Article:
the first people born after this event. And he intentionally 
makes the appellation of his son accordant with his prayer, 
«DnD^"nb. However, this manifest relation between the 
death of Adam and the birth of Noah, which is also 
indicated by the choice of the same expressions in iii. 17 
and V. 29, only exists in the numbers of the Masoretic text. 
This is shown by the following table of the birth-years, 
arranged according to MT., LXX, and Samaritan texts : — 




Adam dies 

anno mundi 




Seth is born 





Enos „ 





Cainan „ 





Mahalaleel „ 





Jared „ 





Enoch „ 





Methusela „ 





Lamech „ 










Hence it follows that according to the LXX Adam 
already died at the time of Mahalaleel, before Jared was 
born ; and that, according to the Samaritan, Noah was 
already over 200 years old when Adam died. But as 
both nevertheless concede to Adam 930 years, they thereby 
betray falsification. To disguise it, it would have been 
necessary for them to let Adam be much older or younger. 
Having omitted to do so, they prove not to have under- 
stood at all the purpose of the Biblical reckoning. Moreover, 
the tendency of these falsifications is somewhat transparent. 
The interest of the Septuagint is directed toward the 
chronology. Its aim is to get at a higher number for 
the year of the deluge and, therefore, for the age of the 


world, than is given in the Masoretic text. This is probably 
prompted by an apologetic desire to meet the assertions of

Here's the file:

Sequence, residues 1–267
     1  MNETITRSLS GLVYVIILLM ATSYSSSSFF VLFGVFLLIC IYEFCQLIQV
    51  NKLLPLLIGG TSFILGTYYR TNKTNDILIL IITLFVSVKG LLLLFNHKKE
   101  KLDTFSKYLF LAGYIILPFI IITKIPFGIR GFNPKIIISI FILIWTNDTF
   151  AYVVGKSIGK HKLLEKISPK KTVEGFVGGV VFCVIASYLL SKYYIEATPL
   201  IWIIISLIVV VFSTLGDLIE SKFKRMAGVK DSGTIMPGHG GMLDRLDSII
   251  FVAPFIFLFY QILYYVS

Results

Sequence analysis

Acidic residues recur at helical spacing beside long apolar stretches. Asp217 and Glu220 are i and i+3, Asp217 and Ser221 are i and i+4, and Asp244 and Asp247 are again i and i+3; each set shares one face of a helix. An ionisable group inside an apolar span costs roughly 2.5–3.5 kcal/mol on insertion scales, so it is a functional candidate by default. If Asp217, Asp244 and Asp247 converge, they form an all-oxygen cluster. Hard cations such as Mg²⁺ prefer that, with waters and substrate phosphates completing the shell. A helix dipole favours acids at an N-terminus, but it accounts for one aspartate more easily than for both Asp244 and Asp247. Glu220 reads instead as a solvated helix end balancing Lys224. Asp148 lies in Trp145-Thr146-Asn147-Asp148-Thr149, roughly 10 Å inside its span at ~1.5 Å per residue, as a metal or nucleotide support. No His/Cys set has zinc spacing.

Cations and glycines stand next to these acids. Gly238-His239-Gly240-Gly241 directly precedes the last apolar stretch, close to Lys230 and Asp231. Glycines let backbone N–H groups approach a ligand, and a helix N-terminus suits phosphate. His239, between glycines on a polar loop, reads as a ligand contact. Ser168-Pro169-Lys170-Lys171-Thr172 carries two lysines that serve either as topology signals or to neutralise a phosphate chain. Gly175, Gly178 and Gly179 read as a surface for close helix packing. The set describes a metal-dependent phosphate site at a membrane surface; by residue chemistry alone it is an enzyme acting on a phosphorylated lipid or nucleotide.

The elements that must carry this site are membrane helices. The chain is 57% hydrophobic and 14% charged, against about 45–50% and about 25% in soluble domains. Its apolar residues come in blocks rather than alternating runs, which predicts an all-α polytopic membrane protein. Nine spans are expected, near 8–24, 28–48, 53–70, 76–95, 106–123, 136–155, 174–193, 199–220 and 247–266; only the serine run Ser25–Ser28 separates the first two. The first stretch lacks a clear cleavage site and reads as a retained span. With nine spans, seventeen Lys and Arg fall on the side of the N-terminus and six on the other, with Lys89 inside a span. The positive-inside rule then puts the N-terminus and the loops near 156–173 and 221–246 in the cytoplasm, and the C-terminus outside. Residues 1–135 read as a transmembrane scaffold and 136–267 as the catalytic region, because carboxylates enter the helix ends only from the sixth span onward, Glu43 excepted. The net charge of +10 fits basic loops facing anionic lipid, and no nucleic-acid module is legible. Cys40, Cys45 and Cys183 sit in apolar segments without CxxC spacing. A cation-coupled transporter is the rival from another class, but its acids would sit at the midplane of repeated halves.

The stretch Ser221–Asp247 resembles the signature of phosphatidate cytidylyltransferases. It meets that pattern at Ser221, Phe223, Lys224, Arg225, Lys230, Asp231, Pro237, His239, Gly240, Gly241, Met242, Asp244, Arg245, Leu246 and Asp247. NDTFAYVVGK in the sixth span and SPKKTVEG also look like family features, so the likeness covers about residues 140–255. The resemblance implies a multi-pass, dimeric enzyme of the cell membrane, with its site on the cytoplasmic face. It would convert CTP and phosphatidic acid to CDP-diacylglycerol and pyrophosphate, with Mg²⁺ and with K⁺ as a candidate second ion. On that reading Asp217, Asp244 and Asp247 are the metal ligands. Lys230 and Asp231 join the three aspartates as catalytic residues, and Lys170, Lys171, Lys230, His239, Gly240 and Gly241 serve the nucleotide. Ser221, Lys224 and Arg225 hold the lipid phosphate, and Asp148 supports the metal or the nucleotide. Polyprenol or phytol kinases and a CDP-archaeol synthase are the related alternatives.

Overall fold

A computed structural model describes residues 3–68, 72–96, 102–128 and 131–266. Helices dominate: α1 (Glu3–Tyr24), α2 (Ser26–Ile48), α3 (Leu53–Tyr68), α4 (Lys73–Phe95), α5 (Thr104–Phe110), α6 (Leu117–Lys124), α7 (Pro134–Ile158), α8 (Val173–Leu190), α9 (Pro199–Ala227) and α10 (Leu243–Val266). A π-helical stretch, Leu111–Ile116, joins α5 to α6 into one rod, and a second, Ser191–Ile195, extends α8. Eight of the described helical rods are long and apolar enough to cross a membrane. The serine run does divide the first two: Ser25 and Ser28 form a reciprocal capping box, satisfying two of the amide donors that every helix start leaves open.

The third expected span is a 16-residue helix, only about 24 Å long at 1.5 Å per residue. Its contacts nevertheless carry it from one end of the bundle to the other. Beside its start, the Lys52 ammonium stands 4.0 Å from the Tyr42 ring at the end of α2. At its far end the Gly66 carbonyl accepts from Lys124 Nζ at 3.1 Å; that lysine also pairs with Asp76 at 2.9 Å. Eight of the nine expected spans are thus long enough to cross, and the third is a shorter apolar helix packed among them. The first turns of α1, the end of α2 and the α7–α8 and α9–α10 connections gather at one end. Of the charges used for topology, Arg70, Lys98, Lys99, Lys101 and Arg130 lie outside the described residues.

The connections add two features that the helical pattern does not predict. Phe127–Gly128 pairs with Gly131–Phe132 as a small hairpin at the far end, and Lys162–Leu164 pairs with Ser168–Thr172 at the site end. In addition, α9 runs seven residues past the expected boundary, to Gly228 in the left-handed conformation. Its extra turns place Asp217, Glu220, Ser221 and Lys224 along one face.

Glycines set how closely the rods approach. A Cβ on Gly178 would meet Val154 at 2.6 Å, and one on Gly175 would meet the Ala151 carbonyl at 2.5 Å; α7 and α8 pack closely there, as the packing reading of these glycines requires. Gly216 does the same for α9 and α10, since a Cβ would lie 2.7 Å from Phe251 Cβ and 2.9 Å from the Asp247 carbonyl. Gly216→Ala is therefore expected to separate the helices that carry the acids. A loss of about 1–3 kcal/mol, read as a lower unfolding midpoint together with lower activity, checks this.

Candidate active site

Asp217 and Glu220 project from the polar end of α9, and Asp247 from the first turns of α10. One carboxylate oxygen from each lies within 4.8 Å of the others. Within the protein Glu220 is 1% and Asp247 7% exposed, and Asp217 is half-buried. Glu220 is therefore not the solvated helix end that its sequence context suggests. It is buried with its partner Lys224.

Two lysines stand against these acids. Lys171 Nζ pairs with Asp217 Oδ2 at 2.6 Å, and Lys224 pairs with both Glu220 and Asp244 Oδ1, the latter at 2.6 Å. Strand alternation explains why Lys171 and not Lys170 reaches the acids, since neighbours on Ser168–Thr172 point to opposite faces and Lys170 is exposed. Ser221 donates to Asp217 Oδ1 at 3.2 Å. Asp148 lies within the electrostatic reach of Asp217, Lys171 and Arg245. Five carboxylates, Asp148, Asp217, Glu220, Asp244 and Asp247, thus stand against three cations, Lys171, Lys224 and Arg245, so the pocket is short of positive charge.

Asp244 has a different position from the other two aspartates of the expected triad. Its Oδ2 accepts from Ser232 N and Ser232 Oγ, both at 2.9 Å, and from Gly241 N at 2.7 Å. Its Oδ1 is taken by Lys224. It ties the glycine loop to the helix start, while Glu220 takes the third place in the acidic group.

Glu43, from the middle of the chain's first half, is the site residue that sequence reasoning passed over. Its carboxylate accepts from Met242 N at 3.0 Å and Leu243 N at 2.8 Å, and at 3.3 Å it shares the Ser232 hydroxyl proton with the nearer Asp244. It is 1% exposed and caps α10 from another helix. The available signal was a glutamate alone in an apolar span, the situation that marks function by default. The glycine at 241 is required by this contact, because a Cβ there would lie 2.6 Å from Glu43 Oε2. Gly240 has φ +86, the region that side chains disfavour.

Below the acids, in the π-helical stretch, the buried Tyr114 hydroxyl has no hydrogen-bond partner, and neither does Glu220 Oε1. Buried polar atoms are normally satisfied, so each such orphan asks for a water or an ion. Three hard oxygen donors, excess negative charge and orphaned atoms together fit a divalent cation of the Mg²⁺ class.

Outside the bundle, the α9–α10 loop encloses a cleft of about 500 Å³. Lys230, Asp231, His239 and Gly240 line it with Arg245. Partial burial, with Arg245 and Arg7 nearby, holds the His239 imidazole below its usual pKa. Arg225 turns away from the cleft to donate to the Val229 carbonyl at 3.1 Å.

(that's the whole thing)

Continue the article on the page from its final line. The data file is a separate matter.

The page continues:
some Greek or Egyptian chronologers. To this end the 
generative ages are increased, whilst the periods of the 
lives of the individual ancestors are ignored, and the 
progression of the respective numbers in the Masoretic 
text is left intact. There is only in regard to Lamech a 
slight variation in the present text of the Septuagint. 

In the Samaritan text, on the other hand, a theological 
tendency seems to be pursued. Both the year of generation 
and the lifetime after the generation are decreased. Jared 
not 162-800, but 62-785 ; Methusela not 187-782, but 
^7~^53- Lamech not 182-595, but 53-600, if the text can 
be relied on. Hence the number, representing the whole 
period of life, must be changed and reduced. 

We can now understand why the formula in which the 
account is given is so circumstantial, the year of generation, 
the remainder of lifetime, the total period of life, and 
finally the apparently totally superfluous -'and he died." 
The author wished to specially emphasize the fact that 
Adam died 930 anno mundi, and he therefore gives this 
number expressly, which notifies not so much his lifetime 
as the year of his death. And in order to make the formula 
uniform he does exactly the same in the accounts that 
follow. Moreover, by the word nD^l — and he died — is to 
be further indicated that the threat which had been 
declared in ii. 17 had been carried out : " For in the day 
that thou eatest thereof thou shalt surely die," ll'3X D^''3 ^3 
:niOFi nio lasp. It has been unjustly argued that Adam 
should have died on the very same day that he ate of the 
fruit. For Qi'S with an Inf. has simply the meaning of 
after. This is convincingly shown by such passages as 
Num. vii. 84, riK'Uirt D^''3 (the anointing had taken place 
twelve days before); Jer. vii. 22 ^ ; xi. 4, 7 ; xxxiv. 13 which 
happened two tnonihs after. 

' " For I spake not unto your fathers, nor commanded them in the day 
that I brought them out of the land of Egypt, concerning burnt offerings 


There is no need for the other genealogical account to 
be equally diffuse and, therefore, it is left to the reader 
to make out the total period of life by adding up the 
number of the year of generation and that of the years that 
followed it. 

A series of other passages is thereby fully elucidated, 
Gen. iv. 26, " Then began men to proclaim the name of the